Remember from Monday’s blog—tailoring includes focusing on creating smaller more intimate spaces and cutting down on rooms that are often unused in your home. You could repurpose these unused rooms to make them into functional, enjoyable spaces. Don’t be afraid of creating multipurpose spaces that may seem unconventional. This is all part of making your home unique, and making it perfectly fit your needs. Make use of extraneous spaces: put bookshelves in hallways, make under-stair areas accessible for storage, and utilize your entry way as a small office or library, even a mudroom of sorts. If flow is preventing your home from being functional, adjust the placement of doorways or even remove walls if needed. With a little creativity and vision, you can really make every nook of your home practical.

Go vertical – expanding upwards instead of outwards doesn’t change the foot print of your home and keeps the surrounding area free for outdoor gardens.  It may be possible for your attic space to be conditioned and used as additional living space. This has an added benefit of preventing your attic from becoming a heat trap and increasing cooling loads on spaces below in the summer.

Tailoring Communities

Communities can be entire city areas, centralized downtowns, and suburban or rural neighborhoods. All can benefit from tailoring and all should reflect your needs as a homeowner/renter, worker, and shopper. In urban city areas, infill is an important part of tailoring – this may be through the reuse of vacant buildings or by building new buildings in adjacent vacant lots. Having mixed use areas is a way to truly fully occupy buildings, with shops or business offices below and housing above. This also begins to create walkable communities, a big part of sustainable city planning. Infill can also be green infill – small public or even private gardens greatly increase the beauty and health of urban areas. Techniques for tailoring are visible in the Downtown Bryan area and in many other small & large city centers in Texas. City centers are a great community resource and truly increase our quality of life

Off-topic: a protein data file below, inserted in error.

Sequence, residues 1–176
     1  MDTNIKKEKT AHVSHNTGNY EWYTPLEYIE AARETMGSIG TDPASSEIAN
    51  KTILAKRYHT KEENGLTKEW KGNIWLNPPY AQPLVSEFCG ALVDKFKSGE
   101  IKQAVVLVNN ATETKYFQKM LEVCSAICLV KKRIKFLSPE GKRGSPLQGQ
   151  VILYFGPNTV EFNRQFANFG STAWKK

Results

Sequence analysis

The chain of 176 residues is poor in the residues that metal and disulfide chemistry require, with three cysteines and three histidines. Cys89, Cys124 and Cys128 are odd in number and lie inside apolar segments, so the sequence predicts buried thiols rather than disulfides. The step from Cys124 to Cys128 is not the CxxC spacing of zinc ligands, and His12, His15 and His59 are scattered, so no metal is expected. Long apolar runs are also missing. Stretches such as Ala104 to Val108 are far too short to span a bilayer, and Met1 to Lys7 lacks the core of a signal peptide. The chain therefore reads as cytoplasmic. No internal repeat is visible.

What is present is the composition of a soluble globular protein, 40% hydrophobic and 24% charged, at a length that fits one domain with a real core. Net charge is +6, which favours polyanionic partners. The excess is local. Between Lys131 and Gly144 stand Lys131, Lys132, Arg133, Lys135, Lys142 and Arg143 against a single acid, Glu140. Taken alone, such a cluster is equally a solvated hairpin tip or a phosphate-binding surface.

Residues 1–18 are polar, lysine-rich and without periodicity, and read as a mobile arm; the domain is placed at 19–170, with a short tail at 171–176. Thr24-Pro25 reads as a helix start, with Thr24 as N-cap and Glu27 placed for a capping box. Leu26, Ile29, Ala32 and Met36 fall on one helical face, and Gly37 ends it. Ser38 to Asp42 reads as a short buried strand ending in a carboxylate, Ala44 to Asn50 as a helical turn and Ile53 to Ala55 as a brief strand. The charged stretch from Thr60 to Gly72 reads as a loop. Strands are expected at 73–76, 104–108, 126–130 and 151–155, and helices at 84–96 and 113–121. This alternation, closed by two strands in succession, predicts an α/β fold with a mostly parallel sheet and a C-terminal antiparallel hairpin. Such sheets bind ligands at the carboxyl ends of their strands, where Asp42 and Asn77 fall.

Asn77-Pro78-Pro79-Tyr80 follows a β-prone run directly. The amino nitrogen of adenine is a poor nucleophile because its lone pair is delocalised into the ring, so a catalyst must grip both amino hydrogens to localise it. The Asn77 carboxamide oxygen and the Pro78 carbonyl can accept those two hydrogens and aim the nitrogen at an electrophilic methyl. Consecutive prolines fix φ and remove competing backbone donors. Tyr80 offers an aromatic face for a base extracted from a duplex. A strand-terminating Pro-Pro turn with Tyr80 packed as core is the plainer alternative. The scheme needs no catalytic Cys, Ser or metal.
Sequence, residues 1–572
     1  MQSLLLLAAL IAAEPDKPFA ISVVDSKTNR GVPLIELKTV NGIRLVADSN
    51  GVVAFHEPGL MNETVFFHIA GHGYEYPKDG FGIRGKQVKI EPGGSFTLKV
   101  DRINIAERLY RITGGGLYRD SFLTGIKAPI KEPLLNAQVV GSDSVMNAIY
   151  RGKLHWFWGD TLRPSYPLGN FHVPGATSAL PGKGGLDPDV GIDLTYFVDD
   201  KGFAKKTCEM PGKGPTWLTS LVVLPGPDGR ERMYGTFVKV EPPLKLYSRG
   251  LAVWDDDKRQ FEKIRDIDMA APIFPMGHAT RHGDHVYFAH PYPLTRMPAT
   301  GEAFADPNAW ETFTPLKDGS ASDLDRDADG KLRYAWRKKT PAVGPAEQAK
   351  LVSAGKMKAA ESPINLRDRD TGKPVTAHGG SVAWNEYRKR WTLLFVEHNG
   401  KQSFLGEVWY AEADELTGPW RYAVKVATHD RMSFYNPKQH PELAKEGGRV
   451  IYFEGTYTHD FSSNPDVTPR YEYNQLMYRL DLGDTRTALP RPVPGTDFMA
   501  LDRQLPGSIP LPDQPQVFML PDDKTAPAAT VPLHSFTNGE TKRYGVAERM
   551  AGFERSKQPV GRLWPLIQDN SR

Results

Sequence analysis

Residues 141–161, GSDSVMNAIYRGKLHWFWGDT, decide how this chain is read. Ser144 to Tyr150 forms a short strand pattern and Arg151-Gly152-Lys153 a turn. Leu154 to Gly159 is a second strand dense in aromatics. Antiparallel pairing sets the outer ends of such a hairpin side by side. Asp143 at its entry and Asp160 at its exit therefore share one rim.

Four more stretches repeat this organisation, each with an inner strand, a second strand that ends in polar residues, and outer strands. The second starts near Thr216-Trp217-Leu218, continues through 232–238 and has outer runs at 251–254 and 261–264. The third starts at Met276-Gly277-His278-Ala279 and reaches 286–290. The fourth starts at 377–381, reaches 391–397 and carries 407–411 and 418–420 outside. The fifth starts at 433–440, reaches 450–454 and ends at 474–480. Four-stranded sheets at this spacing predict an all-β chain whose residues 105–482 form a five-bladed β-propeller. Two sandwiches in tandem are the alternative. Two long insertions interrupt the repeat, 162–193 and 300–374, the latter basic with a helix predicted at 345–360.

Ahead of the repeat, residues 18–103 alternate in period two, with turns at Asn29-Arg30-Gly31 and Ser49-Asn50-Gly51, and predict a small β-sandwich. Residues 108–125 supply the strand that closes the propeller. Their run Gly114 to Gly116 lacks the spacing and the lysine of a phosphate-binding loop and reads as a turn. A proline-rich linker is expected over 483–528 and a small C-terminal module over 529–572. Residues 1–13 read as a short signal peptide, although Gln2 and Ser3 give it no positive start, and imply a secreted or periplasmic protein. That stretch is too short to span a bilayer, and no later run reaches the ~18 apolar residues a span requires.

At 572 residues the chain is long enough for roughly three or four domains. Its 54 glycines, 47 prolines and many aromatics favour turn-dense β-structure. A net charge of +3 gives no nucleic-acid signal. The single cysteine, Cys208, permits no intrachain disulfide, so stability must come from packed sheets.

Creating neighborhood centers can also help to tailor communities to our needs. These could contain a public park, business/shopping centers, or other public areas. This could be something you work towards as a neighborhood, discussing your specific needs or wants and then deciding how to meet those through a public center or plaza. This idea makes neighborhood communities more diverse and adaptable, and also increases convenience and functionality.  Imagine if the nearest doctor or grocery store was a 5 minute walk away instead of a 20 minute drive!

Remember our recent blog about three why’s behind green building — Heath, Functionality, & Longevity. As tailoring is a sustainable idea, these reasons apply to it as well! So start brainstorming and thinking about ways to tailor your home into a happier, more comfortable, and lovable place.

Fellow Green Builder

I had the pleasure of speaking with Paul Spadone today. Paul has a green building company very much like Stearns Design Build but the poor guy is stuck in southern California. He recently completed an award-winning LEED Project. I look forward to helping Paul develop the Green Building committee of the new National Association of Custom Home Builders like us, they do both custom homes and remodeling. Check them out at www.streamlinegreenhomes.com. It is always a pleasure catching up with a fellow green builder.